The above preview is unformatted text

This student written piece of work is one of many that can be found in our AS and A Level Energy, Respiration & the Environment section.

Found what you're looking for?

  • Start learning 29% faster today
  • 150,000+ documents available
  • Just £6.99 a month

Not the one? Search for your essay title...
  • Join over 1.2 million students every month
  • Accelerate your learning by 29%
  • Unlimited access from just £6.99 per month

See related essaysSee related essays

Related AS and A Level Energy, Respiration & the Environment essays

  1. Marked by a teacher

    effect of temperature on the rate of respiration in yeast

    5 star(s)

    Therefore the rate of respiration will increase as more substrate will be available for active sites and more enzyme substrate complex will occur. 7) Batch of yeast: the same batch of yeast should be same through out the investigation whether this can affect the activity of yeast.

  2. Marked by a teacher

    'An investigation into the ability of two strains of the yeast Saccharomyces cerevisiae to ...

    4 star(s)

    To ensure that accuracy is maintained, a 25cm3 volumetric pipette and filler are used to remove 25cm3 of each solution. These samples should be placed in the corresponding appropriately labelled flasks to hand. Between the removal of each sample, the pipette must be flushed through with distilled water to ensure that contamination is avoided.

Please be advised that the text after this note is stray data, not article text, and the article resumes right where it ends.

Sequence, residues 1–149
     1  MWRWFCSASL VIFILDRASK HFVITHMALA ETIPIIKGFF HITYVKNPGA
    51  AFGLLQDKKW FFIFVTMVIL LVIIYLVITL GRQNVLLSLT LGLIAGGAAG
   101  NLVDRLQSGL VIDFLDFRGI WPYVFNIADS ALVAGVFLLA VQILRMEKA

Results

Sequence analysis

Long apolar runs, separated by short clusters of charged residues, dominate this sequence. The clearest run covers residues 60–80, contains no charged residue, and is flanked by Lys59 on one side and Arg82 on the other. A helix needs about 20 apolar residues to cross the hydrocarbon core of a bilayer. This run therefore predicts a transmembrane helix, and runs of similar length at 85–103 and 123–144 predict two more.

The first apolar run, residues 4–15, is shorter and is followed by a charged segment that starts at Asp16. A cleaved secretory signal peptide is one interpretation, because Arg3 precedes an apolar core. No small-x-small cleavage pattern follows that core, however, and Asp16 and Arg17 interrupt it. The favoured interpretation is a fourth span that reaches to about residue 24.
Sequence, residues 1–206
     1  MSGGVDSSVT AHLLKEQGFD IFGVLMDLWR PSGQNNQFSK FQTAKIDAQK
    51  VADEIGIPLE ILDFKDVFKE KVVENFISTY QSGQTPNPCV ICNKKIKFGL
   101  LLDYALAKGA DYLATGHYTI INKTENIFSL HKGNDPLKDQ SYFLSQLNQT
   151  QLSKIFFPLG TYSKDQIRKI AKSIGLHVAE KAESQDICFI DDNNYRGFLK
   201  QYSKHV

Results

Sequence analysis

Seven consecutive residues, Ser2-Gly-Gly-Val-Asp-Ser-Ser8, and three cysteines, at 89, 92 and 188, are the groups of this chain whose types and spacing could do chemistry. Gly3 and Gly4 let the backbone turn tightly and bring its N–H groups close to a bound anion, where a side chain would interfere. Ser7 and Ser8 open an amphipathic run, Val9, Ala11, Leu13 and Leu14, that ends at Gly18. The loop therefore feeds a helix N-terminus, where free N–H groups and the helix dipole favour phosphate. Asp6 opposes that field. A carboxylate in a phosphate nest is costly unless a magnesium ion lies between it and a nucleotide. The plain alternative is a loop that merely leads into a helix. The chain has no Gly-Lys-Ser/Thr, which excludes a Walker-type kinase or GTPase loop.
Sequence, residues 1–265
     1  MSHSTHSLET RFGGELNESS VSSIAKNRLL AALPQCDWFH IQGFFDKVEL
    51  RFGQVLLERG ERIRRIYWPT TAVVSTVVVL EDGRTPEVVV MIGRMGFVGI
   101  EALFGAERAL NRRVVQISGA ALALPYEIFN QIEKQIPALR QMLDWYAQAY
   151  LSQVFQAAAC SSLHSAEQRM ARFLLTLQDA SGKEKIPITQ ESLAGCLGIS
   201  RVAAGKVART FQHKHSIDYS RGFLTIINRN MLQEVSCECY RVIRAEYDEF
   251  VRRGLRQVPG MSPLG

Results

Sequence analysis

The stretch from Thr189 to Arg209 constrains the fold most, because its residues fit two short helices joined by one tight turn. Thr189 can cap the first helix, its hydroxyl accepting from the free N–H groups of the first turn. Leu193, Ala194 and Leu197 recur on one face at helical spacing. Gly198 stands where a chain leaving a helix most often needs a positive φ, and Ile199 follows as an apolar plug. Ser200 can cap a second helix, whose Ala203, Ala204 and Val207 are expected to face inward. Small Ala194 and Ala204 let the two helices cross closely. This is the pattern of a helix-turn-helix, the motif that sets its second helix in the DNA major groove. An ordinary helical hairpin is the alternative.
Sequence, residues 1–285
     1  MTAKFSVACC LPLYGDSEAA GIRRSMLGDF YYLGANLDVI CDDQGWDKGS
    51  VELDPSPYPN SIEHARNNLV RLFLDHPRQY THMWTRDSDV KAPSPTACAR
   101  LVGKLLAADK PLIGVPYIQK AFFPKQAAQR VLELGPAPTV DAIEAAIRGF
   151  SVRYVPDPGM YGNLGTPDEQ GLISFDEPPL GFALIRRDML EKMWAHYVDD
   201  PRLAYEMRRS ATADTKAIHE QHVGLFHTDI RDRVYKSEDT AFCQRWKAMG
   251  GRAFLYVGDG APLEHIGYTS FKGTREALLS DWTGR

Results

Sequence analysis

1. Yeast Coursework

    Average amount of CO2 produced (cm3) 20 0.25 30 0.00 40 2.50 50 13.00 60 11.00 Adding the two results for each test, and then dividing it by two found the above results. The rate of respiration is found by dividing the average amount of carbon dioxide produced by the

  2. the effect of bile concentration on the activity of the enzyme lipase during the ...

    impact on the data because the percentage error cause by using the measuring cylinder is only 2%. This means that because of the low accuracy of the glassware it has a 2% possibility of altering our results. Use a pipette to measure the amount of milk which is more accurate.

  1. An investigation into the effects of temperature on the rate of anaerobic respiration of ...

    After a period of time, the rate of respiration decreases after the substrate molecules are used up and many of the active sites are full. Although the carbon dioxide production increases fastest by the yeast solution in the beaker of water at 50 �C, by 50 minutes, each gradient was

  2. How does the temperature of the water in rock pools affect the distribution of ...

    and distribution (the number of dog whelks in the rock pool). 'However whereas it is commonly reported that the distributions of organisms are correlated with temperature, the causality of the phenomenon is not always clear' 5 There are several reasons for this, including a change in feeding and a possible reaction to change in oxygen levels.

  1. Investigate the effect of bile salt concentration on the digestion of milk by the ...

    The bile salts lower the surface tension of the fat globules and thus act to break the lipids into smaller micelles which allow hydrolysis to occur quickly so this fluctuation in pH doesn't occur. This is so that the pH in the small intestine remains fairly constant at the optimum

  2. Investigation into how Lichen growth is affected as you move further away from a ...

    I then totalled the number of different pairs of data. I then multiplied this value by the total pairs of data squared minus 1, which gave me the value for the bottom part of the data. I then divided the vale for the top part by the value for the bottom part of the data.

  • Over 160,000 pieces
    of student written work
  • Annotated by
    experienced teachers
  • Ideas and feedback to
    improve your own work